New details emerged Saturday that revealed the women's wrists were bound. The Post quoted Stanley Klein, special agent in charge of the FBI's Richmond office, who said one body was found inside their tent and the other was found outside. The women were last seen in the park on May 23, but an autopsy report concluded they died on or after May 27. Investigators have ruled out robbery as a motive.

"We've had hundreds and hundreds of leads to follow," Klein told the Post. "This has been one of the most exhaustive investigations I've seen, and I've been with (the FBI) for 28 years." The story was featured in a segment on the "America's Most Wanted" television show, the same day the Post article appeared. (A Link Removed of that show is now available.)

Both women were trained as guides for wilderness camping and hiking. "They wanted to help other people learn to be in the outdoors. They were both very experienced outdoorswomen," Peggy Willens told the Associated Press. Willens is executive director of Woodswomen, a Minneapolis-based adventure travel vacation organization for women.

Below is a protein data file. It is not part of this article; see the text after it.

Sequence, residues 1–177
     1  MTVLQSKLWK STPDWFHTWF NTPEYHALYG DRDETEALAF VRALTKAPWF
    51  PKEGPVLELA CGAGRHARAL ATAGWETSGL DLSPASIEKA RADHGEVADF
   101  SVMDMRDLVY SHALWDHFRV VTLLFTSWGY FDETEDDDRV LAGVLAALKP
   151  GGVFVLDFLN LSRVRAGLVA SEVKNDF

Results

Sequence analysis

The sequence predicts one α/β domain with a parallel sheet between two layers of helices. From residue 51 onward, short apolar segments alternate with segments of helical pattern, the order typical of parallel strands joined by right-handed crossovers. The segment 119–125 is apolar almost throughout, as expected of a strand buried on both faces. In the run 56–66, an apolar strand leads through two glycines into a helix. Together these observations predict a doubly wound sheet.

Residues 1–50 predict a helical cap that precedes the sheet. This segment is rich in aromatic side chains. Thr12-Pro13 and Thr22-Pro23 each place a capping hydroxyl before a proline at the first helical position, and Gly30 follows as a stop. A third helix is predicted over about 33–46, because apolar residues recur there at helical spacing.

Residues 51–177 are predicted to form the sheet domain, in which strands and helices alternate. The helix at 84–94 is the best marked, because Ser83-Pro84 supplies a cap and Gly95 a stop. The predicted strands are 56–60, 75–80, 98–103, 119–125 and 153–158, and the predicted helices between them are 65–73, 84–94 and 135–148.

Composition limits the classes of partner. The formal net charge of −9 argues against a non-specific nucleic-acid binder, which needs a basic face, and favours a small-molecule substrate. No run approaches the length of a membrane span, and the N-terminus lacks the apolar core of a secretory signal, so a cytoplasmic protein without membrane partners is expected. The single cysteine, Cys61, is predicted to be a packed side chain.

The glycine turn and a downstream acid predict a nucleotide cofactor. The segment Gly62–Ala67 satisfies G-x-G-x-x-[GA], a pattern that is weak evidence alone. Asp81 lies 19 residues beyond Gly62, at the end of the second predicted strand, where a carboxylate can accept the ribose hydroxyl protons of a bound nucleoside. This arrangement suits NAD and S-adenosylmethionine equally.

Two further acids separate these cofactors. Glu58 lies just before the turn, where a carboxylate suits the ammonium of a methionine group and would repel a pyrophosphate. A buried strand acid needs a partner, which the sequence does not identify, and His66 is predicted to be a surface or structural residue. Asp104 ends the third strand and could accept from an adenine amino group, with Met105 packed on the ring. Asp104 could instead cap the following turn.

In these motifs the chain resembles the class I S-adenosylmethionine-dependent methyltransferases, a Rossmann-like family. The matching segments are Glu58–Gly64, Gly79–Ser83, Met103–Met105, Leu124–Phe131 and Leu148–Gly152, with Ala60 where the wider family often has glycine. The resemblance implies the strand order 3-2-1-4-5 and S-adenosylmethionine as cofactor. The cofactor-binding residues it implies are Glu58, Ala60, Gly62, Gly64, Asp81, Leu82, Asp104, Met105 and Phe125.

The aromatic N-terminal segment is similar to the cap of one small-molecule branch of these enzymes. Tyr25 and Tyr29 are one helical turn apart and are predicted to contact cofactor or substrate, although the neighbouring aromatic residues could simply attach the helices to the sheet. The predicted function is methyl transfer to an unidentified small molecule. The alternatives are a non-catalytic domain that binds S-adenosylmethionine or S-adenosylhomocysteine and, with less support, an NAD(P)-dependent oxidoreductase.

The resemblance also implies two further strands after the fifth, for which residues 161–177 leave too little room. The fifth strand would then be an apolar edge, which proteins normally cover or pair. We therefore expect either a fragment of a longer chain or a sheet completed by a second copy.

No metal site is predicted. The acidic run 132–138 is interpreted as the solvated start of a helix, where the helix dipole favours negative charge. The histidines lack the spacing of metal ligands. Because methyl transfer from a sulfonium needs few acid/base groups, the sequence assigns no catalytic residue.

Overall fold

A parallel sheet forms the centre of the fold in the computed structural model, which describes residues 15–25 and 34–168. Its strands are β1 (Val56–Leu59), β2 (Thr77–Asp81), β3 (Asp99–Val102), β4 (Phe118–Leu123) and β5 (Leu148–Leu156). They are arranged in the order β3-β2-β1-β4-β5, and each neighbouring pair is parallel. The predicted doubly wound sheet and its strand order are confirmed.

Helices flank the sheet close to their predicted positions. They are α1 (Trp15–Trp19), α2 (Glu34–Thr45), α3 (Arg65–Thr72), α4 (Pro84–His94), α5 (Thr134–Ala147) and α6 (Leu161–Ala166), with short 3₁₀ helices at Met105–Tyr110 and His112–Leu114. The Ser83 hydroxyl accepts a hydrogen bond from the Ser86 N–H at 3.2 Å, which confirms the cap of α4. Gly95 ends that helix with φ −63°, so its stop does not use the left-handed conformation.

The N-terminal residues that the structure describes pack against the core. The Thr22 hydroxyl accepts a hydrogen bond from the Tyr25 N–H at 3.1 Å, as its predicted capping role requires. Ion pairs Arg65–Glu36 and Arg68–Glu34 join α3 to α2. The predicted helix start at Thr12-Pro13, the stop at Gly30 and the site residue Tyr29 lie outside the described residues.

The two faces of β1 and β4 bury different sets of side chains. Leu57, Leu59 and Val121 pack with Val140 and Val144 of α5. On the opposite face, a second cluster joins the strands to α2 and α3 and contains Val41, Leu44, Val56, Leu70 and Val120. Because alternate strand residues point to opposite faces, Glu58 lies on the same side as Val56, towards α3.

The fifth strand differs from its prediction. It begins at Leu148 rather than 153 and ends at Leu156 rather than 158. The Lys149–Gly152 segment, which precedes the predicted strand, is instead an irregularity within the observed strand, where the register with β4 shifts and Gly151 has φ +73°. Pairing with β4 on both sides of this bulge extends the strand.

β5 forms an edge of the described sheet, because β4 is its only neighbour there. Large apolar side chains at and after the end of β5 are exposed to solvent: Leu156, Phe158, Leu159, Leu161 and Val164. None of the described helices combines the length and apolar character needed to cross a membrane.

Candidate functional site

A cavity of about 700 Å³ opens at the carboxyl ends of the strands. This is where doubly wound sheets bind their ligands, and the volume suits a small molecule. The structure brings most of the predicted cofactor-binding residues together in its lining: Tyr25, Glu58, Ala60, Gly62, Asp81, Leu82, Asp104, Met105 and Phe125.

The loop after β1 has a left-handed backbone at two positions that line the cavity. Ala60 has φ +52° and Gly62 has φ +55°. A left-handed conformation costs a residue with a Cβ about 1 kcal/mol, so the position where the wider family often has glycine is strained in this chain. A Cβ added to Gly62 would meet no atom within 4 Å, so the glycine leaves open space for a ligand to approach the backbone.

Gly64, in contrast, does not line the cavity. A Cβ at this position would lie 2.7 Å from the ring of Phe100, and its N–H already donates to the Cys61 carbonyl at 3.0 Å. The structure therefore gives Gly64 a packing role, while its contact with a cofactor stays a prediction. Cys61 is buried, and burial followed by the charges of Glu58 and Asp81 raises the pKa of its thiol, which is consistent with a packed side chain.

On Thursday, June 20, Attorney General Janet Reno spoke to a homosexual rights group in Roanoke, Virginia, and assured them that authorities are considering anti-lesbian prejudice as a possible motive for the brutal attack. "From the outset, investigators have been exhaustively pursuing all motives, including the possibility that the crime was motivated by the sexual orientation of the victims," Reno was quoted as saying by the Associated Press.

The park service issues frequent updates on the current investigation into the Shenandoah Park tragedy, and have set up a toll-free number for information. A $25,000 reward has also been posted for information that could help federal police.

Park Service press release, 6-17-96
Over 100 National Park employees and Special Agents from the FBI are working jointly on the investigation of the double homicide of Julie Williams and Lollie Winans. The investigation is being conducted jointly by the National Park Service and FBI because the homicides occurred in Shenandoah National Park which is federal property.